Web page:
• Transparent Search

last modified September 25, 2015 by tomlowenhaupt

A trustable search engine is an essential component of a competitive business sector, an effective civil society, and an informed public. Everyone benefits when an Internet search accurately presents all available resources. This page explores developing city-friendly search features.

Finding Search


(Photo courtesy Library of Congress.)

Designing Transparency

On Search Complexity

"A real-world web search engine, such as Google's or Microsoft's, has literally thousands or tens of thousands of ranking signals, updated or introduced multiple times during a single day.

Additionally, the permutations are near infinite, as the major search engines are constantly running concurrent experiments in an effort to dynamically tune the system with real user queries and user happiness. Moreover, modern search engines such as Google go so far as to customize and personalize each result on the fly for each individual user, meaning that there is no canonical ranking to begin with. And all of this is predicated on top of a very unpredictable and continuously changing corpus of crawled data, with more and more of it arriving in near real-time.

Given all of that as context, I wouldn't even know where to begin to try and make the ranking process visible to the user. There is no one algorithm, and no one corpus, no one frozen point in time, no way to even explain the ranking process to lay-people to begin with. A worthy challenge, but I'm not sure how practically it could be done."
...a (wants to be anonymous) search expert

Given all that complexity and the success and wealth advancing the extant search model, it's not going to be easy to create a transparent search engine. But perhaps a limited goal - to serve the civic needs of New York City - with a more focused civic-engine is practicable. And let the Googles compete for a broader market.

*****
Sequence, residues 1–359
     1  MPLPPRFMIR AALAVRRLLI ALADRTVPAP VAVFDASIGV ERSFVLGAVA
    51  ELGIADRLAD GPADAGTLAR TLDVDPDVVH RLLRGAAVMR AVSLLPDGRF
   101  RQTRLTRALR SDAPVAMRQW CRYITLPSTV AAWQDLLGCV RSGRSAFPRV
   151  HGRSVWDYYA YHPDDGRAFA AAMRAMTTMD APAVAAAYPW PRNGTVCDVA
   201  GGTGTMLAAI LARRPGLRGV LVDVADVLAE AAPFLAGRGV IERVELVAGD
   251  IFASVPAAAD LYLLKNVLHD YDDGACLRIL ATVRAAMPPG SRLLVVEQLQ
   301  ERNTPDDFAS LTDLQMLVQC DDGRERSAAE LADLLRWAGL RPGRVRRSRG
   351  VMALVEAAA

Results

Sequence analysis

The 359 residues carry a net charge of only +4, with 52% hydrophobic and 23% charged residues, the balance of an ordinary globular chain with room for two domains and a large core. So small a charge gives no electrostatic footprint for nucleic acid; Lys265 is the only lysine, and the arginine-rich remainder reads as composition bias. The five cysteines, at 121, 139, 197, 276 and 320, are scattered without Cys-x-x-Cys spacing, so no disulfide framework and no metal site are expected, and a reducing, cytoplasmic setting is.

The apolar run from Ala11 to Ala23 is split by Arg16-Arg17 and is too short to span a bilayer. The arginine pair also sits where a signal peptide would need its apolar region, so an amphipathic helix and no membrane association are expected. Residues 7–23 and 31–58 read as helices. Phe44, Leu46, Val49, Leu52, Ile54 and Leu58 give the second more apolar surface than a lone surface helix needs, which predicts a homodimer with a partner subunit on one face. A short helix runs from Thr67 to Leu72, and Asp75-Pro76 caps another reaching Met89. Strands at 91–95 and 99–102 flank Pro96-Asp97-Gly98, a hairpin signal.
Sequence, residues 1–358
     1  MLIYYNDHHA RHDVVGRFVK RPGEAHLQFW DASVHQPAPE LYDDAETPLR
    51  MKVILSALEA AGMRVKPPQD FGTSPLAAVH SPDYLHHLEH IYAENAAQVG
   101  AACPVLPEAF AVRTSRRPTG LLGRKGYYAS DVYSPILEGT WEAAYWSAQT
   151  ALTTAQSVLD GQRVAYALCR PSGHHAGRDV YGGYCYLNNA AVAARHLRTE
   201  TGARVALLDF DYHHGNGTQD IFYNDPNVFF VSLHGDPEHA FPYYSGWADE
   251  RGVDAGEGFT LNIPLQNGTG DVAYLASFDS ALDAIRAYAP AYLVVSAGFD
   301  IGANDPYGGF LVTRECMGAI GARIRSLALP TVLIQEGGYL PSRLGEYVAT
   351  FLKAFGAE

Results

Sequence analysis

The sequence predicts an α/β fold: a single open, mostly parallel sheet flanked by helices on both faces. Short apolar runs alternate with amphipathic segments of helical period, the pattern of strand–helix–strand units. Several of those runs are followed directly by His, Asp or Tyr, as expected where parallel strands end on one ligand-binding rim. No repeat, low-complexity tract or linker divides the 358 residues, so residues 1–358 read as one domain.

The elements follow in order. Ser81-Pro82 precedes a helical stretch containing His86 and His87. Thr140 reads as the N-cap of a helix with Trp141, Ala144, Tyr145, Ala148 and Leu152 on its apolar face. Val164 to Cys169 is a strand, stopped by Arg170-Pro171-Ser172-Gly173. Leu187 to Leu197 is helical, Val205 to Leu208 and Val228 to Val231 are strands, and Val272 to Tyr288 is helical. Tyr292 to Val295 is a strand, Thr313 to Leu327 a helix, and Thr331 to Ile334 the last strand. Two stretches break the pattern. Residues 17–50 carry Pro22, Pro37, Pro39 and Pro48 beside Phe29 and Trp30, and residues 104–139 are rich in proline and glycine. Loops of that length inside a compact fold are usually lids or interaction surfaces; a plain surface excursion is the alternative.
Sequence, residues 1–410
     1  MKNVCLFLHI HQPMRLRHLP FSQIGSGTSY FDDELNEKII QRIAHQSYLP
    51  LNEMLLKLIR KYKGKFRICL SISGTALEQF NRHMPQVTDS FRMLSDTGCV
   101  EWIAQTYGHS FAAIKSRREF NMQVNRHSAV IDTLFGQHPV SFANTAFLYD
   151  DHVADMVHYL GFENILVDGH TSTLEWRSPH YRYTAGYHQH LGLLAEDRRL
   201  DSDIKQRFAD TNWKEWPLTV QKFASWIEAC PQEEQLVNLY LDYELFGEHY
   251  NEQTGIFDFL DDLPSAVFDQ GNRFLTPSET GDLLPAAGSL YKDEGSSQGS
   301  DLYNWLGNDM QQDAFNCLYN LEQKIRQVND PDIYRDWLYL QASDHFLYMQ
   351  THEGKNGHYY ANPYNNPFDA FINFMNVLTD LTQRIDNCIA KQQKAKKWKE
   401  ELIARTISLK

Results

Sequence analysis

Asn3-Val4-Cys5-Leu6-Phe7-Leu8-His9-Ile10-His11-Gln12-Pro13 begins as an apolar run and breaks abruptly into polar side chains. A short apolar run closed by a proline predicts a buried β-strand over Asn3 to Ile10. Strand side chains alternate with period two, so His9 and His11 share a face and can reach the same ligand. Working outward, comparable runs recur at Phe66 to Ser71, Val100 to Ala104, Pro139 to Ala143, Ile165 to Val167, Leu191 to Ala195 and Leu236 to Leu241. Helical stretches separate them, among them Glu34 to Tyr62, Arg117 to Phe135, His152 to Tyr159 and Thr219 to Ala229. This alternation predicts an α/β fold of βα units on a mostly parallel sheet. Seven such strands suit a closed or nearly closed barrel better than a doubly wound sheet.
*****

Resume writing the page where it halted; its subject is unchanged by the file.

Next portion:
On Custom Search

"What will the effect be of cse's (custom search engines) on popularity and visit volumes of TLD domains? You are probably familiar with google.com/cse, I 'built' several search engines myself, also with rollyo, and I, as well as colleagues, are very happy with the new search engines - producing better results than 'google general' because I make subselections of e.g. 50 really relevant sites.

NL, my country, is only small, things are difficult to judge, whether and how soon cse's will be common good. But for Germany I just found: http://www.suchmaschinen-datenbank.de/ - a databank with search engine for Germany depending on theme etc. (or whether you want words or pictures - I find far more and more relevant pictures on bing than google)."

  J Philippe Blankert

Directories Vs Search Engines


  • Categorized by webmasters or directory staff. Sometimes staff are subject experts; sometimes not.
  • Best for browsing purposes but can be searched.
  • Require significant human effort to develop and maintain.
  • Examples of popular directories include Open Directory Project and Librarians Index.
  • Examples of subject-specific directories include Hardin MD: Medical Information.
  • The value of directories: 1. limited peer review and 2. serendipitous discovery while browsing through categories.

Search Engines:

  • Automated programs, called robots, spiders, worms, etc. search and index web sites.
  • Some index words in the title, URL, introductory paragraphs, or full-text of all documents on a web site. Some use a combination of these words and phrases, all of which are entered into the search engine's database.
  • The "spiders" search in different ways - and different parts of the Internet. The same search with different engines will yield different results.
  • Examples of popular search engines include Google, Ask, and AllTheWeb.
  • The value of search engines: 1. BIG! and 2. full-text searching.

(from Dartmouth Bio Labs
















































Who decides what you see when you use Google or another search engine?

Search and Civic Life

In a December 2009 New York Times Op-Ed, Search, But You May Not Find, Adam Raff criticized Google for unfairly ranking his firm in its search listing and called for neutral search engines. He views a neutral engine as one providing an equal opportunity for all those offering a product or service to be listed at the top of a search results page.

Raff's gripe is with purported Google shenanigans that put their product at the top a search result page and his further down. Being further down on a search results page means fewer customers for his firm.

While we agree with Mr. Raff's goal of "search neutrality," we view the question from a regulatory perspective and believe "transparent search" would prove a far easier to enforce.While a level field is essential, our concern extends from business to the impact Google (and other) search engines' opacity might have on civic affairs.